In this paper, we explore the merits of various algorithms for solving polynomial optimization and optimization of polynomials, focusing on alternatives to sum of squares programming. While we refer to advantages and disadvantages of Quantifier Elimination, Reformulation Linear Techniques, Blossoming and Groebner basis methods, our main focus is on algorithms defined by Polya's theorem, Bernstein's theorem and Handelman's theorem. We first formulate polynomial optimization problems as verifying the feasibility of semi-algebraic sets. Then, we discuss how Polya's algorithm, Bernstein's algorithm and Handelman's algorithm reduce the intractable problem of feasibility of semi-algebraic sets to linear and/or semi-definite programming. We apply these algorithms to different problems in robust stability analysis and stability of nonlinear dynamical systems. As one contribution of this paper, we apply Polya's algorithm to the problem of $H_\infty$ control of systems with parametric uncertainty. Numerical examples are provided to compare the accuracy of these algorithms with other polynomial optimization algorithms in the literature.
Efficient computation of Lyapunov functions for Morse decompositions
Arnaud Goullet, Shaun Harker, Konstantin Mischaikow, William D. Kalies and Dinesh Kasti
2015, 20(8): 2419-2451 doi: 10.3934/dcdsb.2015.20.2419 +[Abstract](90) +[PDF](3150.6KB)
We present an efficient algorithm for constructing piecewise constant Lyapunov functions for dynamics generated by a continuous nonlinear map defined on a compact metric space. We provide a memory efficient data structure for storing nonuniform grids on which the Lyapunov function is defined and give bounds on the complexity of the algorithm for both time and memory. We prove that if the diameters of the grid elements go to zero, then the sequence of piecewise constant Lyapunov functions generated by our algorithm converge to a continuous Lyapunov function for the dynamics generated the nonlinear map. We conclude by applying these techniques to two problems from population biology.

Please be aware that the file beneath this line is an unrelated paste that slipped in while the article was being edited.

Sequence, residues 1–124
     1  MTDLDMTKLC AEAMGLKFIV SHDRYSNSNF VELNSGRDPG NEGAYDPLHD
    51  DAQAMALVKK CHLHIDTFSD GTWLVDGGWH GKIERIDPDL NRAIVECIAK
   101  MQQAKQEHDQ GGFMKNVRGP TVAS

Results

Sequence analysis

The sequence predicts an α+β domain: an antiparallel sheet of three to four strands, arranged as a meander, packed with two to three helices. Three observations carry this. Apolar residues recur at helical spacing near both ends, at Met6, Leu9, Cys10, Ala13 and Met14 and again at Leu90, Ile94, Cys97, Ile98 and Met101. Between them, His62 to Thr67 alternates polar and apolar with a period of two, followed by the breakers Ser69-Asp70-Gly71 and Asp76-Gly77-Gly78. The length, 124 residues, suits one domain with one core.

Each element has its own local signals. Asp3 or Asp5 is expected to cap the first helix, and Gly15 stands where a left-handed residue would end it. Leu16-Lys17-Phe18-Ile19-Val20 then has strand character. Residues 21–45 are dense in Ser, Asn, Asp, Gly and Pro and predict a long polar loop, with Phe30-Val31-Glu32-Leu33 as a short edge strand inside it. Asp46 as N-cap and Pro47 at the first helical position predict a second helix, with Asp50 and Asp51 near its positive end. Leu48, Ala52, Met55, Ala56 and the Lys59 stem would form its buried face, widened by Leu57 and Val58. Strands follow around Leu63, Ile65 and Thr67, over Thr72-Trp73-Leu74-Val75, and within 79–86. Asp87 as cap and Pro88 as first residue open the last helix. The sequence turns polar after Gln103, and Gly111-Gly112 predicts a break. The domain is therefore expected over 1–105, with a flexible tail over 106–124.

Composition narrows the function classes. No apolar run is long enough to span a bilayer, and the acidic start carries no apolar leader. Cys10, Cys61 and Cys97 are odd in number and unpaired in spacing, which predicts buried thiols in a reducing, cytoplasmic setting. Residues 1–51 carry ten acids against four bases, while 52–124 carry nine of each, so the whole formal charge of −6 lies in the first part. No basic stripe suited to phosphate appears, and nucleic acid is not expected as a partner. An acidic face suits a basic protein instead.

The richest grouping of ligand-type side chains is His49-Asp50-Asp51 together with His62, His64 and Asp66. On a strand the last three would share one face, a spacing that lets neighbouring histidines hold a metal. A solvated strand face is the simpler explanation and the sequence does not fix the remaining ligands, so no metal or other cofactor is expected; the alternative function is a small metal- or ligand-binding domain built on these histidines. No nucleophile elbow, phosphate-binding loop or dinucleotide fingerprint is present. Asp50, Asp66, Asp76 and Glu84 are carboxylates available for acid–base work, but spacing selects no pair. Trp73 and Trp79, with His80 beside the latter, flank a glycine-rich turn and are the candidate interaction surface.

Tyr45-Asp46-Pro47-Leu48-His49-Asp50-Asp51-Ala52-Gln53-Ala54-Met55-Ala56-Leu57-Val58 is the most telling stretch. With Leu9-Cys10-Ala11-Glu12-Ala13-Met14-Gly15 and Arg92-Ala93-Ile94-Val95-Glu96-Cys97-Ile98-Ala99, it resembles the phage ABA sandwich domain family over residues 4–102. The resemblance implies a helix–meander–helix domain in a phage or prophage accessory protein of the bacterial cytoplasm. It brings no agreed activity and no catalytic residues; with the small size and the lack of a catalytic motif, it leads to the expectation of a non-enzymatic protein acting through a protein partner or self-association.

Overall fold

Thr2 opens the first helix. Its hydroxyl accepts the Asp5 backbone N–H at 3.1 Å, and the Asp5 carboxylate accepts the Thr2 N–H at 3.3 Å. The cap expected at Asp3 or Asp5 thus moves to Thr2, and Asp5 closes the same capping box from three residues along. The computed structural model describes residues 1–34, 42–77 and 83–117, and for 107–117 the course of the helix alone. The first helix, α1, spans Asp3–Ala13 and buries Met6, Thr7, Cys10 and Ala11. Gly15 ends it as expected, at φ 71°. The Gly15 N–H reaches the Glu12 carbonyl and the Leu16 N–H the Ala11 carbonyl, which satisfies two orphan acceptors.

Grid refinement in the construction of Lyapunov functions using radial basis functions
Najla Mohammed and Peter Giesl
2015, 20(8): 2453-2476 doi: 10.3934/dcdsb.2015.20.2453 +[Abstract](66) +[PDF](1393.5KB)
Lyapunov functions are a main tool to determine the domain of attraction of equilibria in dynamical systems. Recently, several methods have been presented to construct a Lyapunov function for a given system. In this paper, we improve the construction method for Lyapunov functions using Radial Basis Functions. We combine this method with a new grid refinement algorithm based on Voronoi diagrams. Starting with a coarse grid and applying the refinement algorithm, we thus manage to reduce the number of data points needed to construct Lyapunov functions. Finally, we give numerical examples to illustrate our algorithms.
Computation of local ISS Lyapunov functions with low gains via linear programming
Huijuan Li, Robert Baier, Lars Grüne, Sigurdur F. Hafstein and Fabian R. Wirth
2015, 20(8): 2477-2495 doi: 10.3934/dcdsb.2015.20.2477 +[Abstract](82) +[PDF](665.7KB)
In this paper, we present a numerical algorithm for computing ISS Lyapunov functions for continuous-time systems which are input-to-state stable (ISS) on compact subsets of the state space. The algorithm relies on a linear programming problem and computes a continuous piecewise affine ISS Lyapunov function on a simplicial grid covering the given compact set excluding a small neighborhood of the origin. The objective of the linear programming problem is to minimize the gain. We show that for every ISS system with a locally Lipschitz right-hand side our algorithm is in principle able to deliver an ISS Lyapunov function. For $C^2$ right-hand sides a more efficient algorithm is proposed.
Separable Lyapunov functions for monotone systems: Constructions and limitations
Gunther Dirr, Hiroshi Ito, Anders Rantzer and Björn S. Rüffer
2015, 20(8): 2497-2526 doi: 10.3934/dcdsb.2015.20.2497 +[Abstract](77) +[PDF](707.0KB)
For monotone systems evolving on the positive orthant of $\mathbb{R}^n_+$ two types of Lyapunov functions are considered: Sum- and max-separable Lyapunov functions. One can be written as a sum, the other as a maximum of functions of scalar arguments. Several constructive existence results for both types are given. Notably, one construction provides a max-separable Lyapunov function that is defined at least on an arbitrarily large compact set, based on little more than the knowledge about one trajectory. Another construction for a class of planar systems yields a global sum-separable Lyapunov function, provided the right hand side satisfies a small-gain type condition. A number of examples demonstrate these methods and shed light on the relation between the shape of sublevel sets and the right hand side of the system equation. Negative examples show that there are indeed globally asymptotically stable systems that do not admit either type of Lyapunov function.